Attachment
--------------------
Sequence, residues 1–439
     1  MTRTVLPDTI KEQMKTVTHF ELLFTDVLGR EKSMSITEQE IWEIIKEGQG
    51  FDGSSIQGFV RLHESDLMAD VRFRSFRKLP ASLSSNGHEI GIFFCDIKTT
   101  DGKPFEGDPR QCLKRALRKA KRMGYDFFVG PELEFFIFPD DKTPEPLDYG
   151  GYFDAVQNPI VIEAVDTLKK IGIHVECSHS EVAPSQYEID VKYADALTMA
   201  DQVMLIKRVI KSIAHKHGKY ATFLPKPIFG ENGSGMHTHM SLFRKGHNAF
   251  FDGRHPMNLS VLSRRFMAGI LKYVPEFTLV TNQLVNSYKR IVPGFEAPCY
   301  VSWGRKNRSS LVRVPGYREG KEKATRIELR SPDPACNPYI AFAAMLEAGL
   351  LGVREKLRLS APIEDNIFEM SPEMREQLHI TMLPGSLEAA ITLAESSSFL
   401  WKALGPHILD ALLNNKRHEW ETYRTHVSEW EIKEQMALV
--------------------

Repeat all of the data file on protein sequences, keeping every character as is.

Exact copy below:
Sequence, residues 1–439
     1  MTRTVLPDTI KEQMKTVTHF ELLFTDVLGR EKSMSITEQE IWEIIKEGQG
    51  FDGSSIQGFV RLHESDLMAD VRFRSFRKLP ASLSSNGHEI GIFFCDIKTT
   101  DGKPFEGDPR QCLKRALRKA KRMGYDFFVG PELEFFIFPD DKTPEPLDYG
   151  GYFDAVQNPI VIEAVDTLKK IGIHVECSHS EVAPSQYEID VKYADALTMA
   201  DQVMLIKRVI KSIAHKHGKY ATFLPKPIFG ENGSGMHTHM SLFRKGHNAF
   251  FDGRHPMNLS VLSRRFMAGI LKYVPEFTLV TNQLVNSYKR IVPGFEAPCY
   301  VSWGRKNRSS LVRVPGYREG KEKATRIELR SPDPACNPYI AFAAMLEAGL
   351  LGVREKLRLS APIEDNIFEM SPEMREQLHI TMLPGSLEAA ITLAESSSFL
   401  WKALGPHILD ALLNNKRHEW ETYRTHVSEW EIKEQMALV